Challenging Resistance to Change Research Paper

Excerpt from Research Paper :

Challenging Resistance to Change

The consistently most challenging aspect of any new initiative in a company is managing change at the strategic, process and most important, people level. If there is only a single initiative a company can undertake in a year, the most important is galvanizing the role of employees to the vision, mission and objectives of the company they work for. The most effective change management processes are predicated on having change processes that have a direct, related impact on organizational performance (Pettigrew, Woodman, Cameron, 2001). Included in this requirement is the need for leaders to personalize change management strategies so they provide employees with motivation to change over the long-term (Dent, Goldberg, 1999).

Specific Guidance for Change Management Strategies

The foundation for ensuring a high level congruence between performance improvement programs that center on greater ownership of outcomes on the part of employees on the one hand, and greater definition of goals that allow that ownership are critical for future enterprise growth. The many contributions of Dr. Kurt Lewin in the areas of resistance to change illustrate that only through change management programs aligned to employee and group performance that provide ample opportunities for task add role ownership can employees have a solid foundation to grow on from a change management standpoint (Pettigrew, Woodman, Cameron, 2001). Creating an effective change management program, according to Lewin, must begin with a strong sense of purpose infused not just at the individual but at the group level as well (Pettigrew, Woodman, Cameron, 2001). With this construct in mind, Lewin continues his allegorical references to the defining of production levels as a balance between forces pushing production up (consumer demand and production efficiency) relative to forces that push production down (Pettigrew, Woodman, Cameron, 2001). This delineation of productivity is central to Lewin's analysis, and indicates how a change management in any enterprise needs to be completed.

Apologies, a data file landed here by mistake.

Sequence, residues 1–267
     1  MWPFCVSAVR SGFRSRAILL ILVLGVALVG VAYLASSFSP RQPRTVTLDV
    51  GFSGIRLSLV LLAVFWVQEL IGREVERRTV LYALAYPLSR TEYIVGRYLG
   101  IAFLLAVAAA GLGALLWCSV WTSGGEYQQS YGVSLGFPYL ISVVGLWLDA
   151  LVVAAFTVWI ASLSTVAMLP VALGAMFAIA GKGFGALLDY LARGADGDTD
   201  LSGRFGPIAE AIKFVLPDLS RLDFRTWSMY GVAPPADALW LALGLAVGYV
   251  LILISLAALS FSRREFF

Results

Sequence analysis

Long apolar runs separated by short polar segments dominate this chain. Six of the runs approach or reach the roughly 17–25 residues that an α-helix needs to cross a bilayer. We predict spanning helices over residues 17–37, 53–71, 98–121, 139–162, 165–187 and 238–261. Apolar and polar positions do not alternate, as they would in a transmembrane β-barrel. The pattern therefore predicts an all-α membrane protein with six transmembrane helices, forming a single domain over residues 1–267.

Consistent with this approach to defining a framework for change management is the need for providing a catalyst…

Sources Used in Document:

Bibliography

Dent, E., & Goldberg, S. (1999). Challenging "resistance to change." The Journal of Applied Behavioral Science, 35(1), 25-41.

Pettigrew, A., Woodman, R., & Cameron, K. (2001). Studying organizational change and development: Challenges for future research. Academy of Management Journal, 44(4), 697-713.

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